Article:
The evaluations to date are hindered by a lack of Medicaid service utilization and expenditure data; policymakers should accelerate efforts to improve the availability of Medicaid data to make timely evaluation of current and future initiatives possible. Policymakers will need to focus on plans’ ability to deliver on care coordination services, which will require sufficient workforce, appropriate training and resources, and close monitoring of performance. A robust quality strategy that encompasses person-centered outcomes, such as quality of life and community integration, should be developed and deployed. Building these models to scale will require policymakers and plans to focus on communicating and engaging with beneficiaries and providers, and a robust enrollment policy. State governments also have operational and capacity issues that may determine whether they can successfully take advantage of integration opportunities. Technical assistance and funding support to state officials as well as state-based stakeholders, provided by the federal government, philanthropy, or other sources will be critical for successful adoption. The most important design feature of all may be a continuous quality improvement approach and mind-set that ensures real-time feedback and the agility to make rapid, midcycle corrections.
This issue brief focuses on the FAI evaluation reports from California, Illinois, Massachusetts, Ohio, and Texas, which all utilized a capitated demonstration model. We did not include Colorado, Washington (both managed fee-for-service demonstrations) or Minnesota (administrative alignment demonstration).
The FAI evaluations provide information about program implementation, beneficiaries’ experiences, service utilization, and cost savings calculations. They draw on a range of data sources, including stakeholder interviews, beneficiary focus groups and surveys, demonstration enrollment, complaints and appeals, service utilization, capitation payments, and Medicare claims. Evaluations from Illinois, Massachusetts, and Ohio include service utilization data for Medicare services; the evaluation of Massachusetts included service utilization data for Medicaid. None of the reviewed evaluation reports included information about Medicaid expenditures, which is a limitation for understanding the impact of the FAI.
In addition, there was lower-than-expected enrollment across all demonstrations. When comparing changes in Medicare spending and service use in the demonstrations to changes in comparison groups in other counties or states, the evaluations used an intention-to-treat analysis, meaning that the evaluation looked for changes among all individuals eligible for the demonstration, whether or not they actually participated. Even if demonstration enrollees benefited from participating in the program, the effect is difficult to detect because there were relatively few demonstration enrollees among the eligible population.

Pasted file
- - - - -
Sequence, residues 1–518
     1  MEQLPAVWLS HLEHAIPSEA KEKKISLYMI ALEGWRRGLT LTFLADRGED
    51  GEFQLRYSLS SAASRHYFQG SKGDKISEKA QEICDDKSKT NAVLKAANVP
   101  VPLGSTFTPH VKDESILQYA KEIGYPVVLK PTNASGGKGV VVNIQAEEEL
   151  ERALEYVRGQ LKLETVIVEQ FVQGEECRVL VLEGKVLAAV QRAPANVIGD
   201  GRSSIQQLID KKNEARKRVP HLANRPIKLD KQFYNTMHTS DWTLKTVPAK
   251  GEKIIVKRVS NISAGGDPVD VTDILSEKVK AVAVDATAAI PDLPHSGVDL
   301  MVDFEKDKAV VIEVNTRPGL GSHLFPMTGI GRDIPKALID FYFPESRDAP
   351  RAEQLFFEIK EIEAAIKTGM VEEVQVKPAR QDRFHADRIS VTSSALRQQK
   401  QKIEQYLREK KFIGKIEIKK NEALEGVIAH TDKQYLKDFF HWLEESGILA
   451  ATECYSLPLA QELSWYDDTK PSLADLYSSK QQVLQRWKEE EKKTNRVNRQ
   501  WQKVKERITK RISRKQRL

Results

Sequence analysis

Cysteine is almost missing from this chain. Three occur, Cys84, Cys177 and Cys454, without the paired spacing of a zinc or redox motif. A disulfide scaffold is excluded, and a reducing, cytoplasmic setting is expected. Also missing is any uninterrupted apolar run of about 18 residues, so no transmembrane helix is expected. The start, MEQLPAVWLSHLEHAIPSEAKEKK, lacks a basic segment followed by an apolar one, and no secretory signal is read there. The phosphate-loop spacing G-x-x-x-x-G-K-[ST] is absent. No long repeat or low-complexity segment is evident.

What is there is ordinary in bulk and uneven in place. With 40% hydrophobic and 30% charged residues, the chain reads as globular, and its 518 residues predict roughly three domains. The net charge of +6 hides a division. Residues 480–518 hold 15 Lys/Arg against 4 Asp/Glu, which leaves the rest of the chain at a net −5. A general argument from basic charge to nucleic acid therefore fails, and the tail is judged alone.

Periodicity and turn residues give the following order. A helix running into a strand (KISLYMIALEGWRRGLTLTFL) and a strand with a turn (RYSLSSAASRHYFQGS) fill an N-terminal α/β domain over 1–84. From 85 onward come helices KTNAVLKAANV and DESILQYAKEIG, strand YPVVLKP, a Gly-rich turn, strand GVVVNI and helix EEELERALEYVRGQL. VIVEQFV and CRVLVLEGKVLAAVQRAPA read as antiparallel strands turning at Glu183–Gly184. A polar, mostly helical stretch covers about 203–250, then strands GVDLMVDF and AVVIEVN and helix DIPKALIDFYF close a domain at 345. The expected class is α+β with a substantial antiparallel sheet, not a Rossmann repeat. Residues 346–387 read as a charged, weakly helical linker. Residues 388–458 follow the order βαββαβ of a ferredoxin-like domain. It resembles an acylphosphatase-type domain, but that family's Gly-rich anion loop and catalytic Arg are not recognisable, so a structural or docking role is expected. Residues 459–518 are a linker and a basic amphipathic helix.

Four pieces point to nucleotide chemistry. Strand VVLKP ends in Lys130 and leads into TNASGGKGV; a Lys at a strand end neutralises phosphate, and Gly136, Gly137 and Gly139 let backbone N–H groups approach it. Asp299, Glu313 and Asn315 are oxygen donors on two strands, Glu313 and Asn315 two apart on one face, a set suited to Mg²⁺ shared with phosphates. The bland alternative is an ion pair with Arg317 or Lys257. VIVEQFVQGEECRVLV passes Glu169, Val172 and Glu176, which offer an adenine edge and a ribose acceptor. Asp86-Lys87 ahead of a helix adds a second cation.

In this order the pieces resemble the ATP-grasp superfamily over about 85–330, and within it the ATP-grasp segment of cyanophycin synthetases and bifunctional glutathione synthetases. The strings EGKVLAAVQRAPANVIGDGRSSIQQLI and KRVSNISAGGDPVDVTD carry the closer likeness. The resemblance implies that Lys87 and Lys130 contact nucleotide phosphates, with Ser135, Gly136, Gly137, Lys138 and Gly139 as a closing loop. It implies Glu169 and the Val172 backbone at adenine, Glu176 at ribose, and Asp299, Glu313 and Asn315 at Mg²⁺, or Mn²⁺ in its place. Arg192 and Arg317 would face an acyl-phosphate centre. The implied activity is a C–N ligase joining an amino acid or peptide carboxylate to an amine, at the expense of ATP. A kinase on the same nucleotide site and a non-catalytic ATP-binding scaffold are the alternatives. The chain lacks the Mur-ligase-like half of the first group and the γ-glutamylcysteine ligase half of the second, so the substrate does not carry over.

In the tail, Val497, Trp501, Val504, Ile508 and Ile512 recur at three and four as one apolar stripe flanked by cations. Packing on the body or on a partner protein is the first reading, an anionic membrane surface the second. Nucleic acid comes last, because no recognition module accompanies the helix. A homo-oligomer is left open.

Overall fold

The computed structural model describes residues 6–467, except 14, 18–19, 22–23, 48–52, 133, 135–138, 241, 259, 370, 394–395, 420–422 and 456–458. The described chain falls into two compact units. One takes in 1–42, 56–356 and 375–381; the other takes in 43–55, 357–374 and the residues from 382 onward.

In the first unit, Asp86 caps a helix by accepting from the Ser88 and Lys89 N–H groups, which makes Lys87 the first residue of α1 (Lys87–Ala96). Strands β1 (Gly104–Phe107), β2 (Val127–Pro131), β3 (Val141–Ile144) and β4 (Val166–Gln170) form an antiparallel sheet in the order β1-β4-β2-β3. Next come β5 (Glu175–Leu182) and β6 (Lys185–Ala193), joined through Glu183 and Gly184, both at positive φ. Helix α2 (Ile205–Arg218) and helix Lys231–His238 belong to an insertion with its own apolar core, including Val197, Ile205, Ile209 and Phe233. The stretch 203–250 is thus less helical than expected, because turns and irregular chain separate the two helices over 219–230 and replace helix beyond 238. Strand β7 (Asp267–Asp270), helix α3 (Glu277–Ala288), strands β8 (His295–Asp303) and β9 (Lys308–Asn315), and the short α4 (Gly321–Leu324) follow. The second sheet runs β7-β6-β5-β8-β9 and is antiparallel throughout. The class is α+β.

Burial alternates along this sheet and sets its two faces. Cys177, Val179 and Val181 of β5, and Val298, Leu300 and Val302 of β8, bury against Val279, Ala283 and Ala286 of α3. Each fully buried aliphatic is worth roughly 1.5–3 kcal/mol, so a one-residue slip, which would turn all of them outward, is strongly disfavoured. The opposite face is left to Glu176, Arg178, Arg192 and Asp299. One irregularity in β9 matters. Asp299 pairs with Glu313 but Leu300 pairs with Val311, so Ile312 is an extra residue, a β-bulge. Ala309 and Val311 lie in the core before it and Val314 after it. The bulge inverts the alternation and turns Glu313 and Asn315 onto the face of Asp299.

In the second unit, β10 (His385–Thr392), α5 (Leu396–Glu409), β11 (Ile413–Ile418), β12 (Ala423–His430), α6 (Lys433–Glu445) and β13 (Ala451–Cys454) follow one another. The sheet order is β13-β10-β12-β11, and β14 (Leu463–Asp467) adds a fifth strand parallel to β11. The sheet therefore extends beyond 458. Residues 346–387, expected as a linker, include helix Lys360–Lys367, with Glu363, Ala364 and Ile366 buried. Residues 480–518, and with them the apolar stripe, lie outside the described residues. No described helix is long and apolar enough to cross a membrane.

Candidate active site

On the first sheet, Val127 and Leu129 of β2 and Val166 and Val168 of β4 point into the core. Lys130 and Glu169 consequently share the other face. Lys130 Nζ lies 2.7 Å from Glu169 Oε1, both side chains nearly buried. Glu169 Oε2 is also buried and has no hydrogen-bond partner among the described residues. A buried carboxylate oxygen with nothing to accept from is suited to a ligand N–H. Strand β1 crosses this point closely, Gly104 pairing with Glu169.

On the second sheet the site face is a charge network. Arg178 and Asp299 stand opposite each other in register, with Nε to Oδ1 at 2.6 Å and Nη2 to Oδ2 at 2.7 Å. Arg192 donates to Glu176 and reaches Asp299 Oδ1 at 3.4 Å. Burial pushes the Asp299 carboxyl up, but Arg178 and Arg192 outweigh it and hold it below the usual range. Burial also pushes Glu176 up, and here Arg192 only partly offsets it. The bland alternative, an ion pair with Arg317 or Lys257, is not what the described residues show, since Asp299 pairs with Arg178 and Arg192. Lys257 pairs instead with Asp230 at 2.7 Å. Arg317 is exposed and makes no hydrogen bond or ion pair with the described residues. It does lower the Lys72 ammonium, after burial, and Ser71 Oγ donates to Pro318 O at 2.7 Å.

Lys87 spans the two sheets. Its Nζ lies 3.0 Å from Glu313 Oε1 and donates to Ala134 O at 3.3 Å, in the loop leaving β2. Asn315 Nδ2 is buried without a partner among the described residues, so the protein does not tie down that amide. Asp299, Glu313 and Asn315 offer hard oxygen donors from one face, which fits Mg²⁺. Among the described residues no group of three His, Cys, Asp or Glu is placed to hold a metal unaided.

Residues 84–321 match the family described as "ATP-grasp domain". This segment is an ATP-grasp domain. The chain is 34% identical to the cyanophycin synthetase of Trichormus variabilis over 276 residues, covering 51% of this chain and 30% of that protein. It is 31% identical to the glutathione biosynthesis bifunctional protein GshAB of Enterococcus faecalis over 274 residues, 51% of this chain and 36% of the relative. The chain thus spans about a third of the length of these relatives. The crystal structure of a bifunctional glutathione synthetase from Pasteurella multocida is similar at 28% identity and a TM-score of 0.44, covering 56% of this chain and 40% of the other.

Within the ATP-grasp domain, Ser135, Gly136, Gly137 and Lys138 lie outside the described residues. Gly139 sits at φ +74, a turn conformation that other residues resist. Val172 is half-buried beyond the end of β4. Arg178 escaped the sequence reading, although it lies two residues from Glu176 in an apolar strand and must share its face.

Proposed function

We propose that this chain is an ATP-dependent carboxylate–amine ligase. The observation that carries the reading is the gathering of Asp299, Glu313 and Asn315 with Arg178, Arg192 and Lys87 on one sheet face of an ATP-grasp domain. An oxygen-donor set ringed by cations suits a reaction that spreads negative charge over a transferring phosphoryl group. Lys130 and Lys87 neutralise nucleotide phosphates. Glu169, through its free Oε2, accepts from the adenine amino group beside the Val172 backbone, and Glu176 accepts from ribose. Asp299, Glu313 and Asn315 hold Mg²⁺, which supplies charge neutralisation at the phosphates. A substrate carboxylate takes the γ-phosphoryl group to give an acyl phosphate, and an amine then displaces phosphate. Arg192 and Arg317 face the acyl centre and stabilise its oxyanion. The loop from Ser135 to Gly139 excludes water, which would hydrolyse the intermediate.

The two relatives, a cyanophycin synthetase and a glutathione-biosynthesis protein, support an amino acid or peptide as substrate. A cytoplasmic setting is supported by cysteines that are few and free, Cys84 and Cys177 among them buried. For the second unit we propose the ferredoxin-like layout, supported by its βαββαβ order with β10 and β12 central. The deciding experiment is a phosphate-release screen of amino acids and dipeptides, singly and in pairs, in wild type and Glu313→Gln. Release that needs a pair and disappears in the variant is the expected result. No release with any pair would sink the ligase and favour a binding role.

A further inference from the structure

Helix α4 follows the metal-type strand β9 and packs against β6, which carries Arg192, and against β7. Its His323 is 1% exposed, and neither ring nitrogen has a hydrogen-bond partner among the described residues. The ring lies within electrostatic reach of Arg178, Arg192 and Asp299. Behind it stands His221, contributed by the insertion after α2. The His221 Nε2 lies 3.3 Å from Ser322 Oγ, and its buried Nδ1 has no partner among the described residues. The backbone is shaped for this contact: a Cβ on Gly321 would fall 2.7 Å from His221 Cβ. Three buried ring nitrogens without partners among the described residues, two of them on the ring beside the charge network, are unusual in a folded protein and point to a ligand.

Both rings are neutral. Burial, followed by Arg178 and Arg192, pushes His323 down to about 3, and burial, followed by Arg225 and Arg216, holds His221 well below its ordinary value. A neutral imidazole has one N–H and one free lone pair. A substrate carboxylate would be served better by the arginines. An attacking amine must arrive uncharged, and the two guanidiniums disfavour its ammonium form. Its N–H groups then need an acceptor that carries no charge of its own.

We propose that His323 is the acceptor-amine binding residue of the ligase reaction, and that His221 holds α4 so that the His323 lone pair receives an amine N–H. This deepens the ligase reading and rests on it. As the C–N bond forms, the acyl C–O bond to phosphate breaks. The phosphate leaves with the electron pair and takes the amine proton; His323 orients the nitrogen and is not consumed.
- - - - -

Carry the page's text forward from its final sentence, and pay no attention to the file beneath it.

In addition, four of the state evaluations assessed demonstrations in their launch year; Massachusetts was evaluated after three years. Given a significant time lag to publication, some of the challenges identified in the evaluations may have been attenuated since they were published.
Finally, quality measures in this set of evaluations were limited. For efforts at integration to be successful, they should achieve more than simply preventing negative outcomes such as avoidable nursing home stays or hospitalizations, and instead drive meaningful improvement in patient outcomes, particularly those related to quality of life and community integration.4 The measures of quality used in the evaluations must be strengthened to detect person-centered improvements in care quality and outcomes.
How We Conducted This Study
The authors reviewed the RTI International evaluations of the Financial Alignment Initiative (FAI) in California, Illinois, Massachusetts, Ohio, and Texas. The Centers for Medicare and Medicaid Services (CMS) contracted with RTI International to evaluate the impact of the FAI on beneficiary experience, quality, service utilization, and cost. In November 2018 and May 2019, CMS published interim state-specific evaluation reports for eight states, of which five participated in the capitated model (California, Illinois, Massachusetts, Ohio, and Texas). These evaluation reports detail important new information about the performance of the FAI, and more broadly, the opportunities and challenges for better integrating care for this population, which are particularly timely given new efforts to expand integrated care for dual-eligible enrollees.5
The authors would like to acknowledge Marc Cohen, Ph.D., David Grabowski, Ph.D., and David Stevenson, Ph.D., for their review and input.